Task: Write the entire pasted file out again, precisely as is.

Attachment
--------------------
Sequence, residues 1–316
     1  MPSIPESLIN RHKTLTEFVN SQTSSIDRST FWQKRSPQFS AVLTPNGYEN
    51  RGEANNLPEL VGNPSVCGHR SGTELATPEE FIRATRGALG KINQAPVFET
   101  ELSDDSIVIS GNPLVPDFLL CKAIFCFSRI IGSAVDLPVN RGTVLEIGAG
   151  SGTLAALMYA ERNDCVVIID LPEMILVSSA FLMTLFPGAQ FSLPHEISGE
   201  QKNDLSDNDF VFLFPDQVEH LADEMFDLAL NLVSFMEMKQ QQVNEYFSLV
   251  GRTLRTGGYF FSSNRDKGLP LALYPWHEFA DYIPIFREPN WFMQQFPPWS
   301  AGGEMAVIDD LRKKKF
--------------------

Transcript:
Sequence, residues 1–316
     1  MPSIPESLIN RHKTLTEFVN SQTSSIDRST FWQKRSPQFS AVLTPNGYEN
    51  RGEANNLPEL VGNPSVCGHR SGTELATPEE FIRATRGALG KINQAPVFET
   101  ELSDDSIVIS GNPLVPDFLL CKAIFCFSRI IGSAVDLPVN RGTVLEIGAG
   151  SGTLAALMYA ERNDCVVIID LPEMILVSSA FLMTLFPGAQ FSLPHEISGE
   201  QKNDLSDNDF VFLFPDQVEH LADEMFDLAL NLVSFMEMKQ QQVNEYFSLV
   251  GRTLRTGGYF FSSNRDKGLP LALYPWHEFA DYIPIFREPN WFMQQFPPWS
   301  AGGEMAVIDD LRKKKF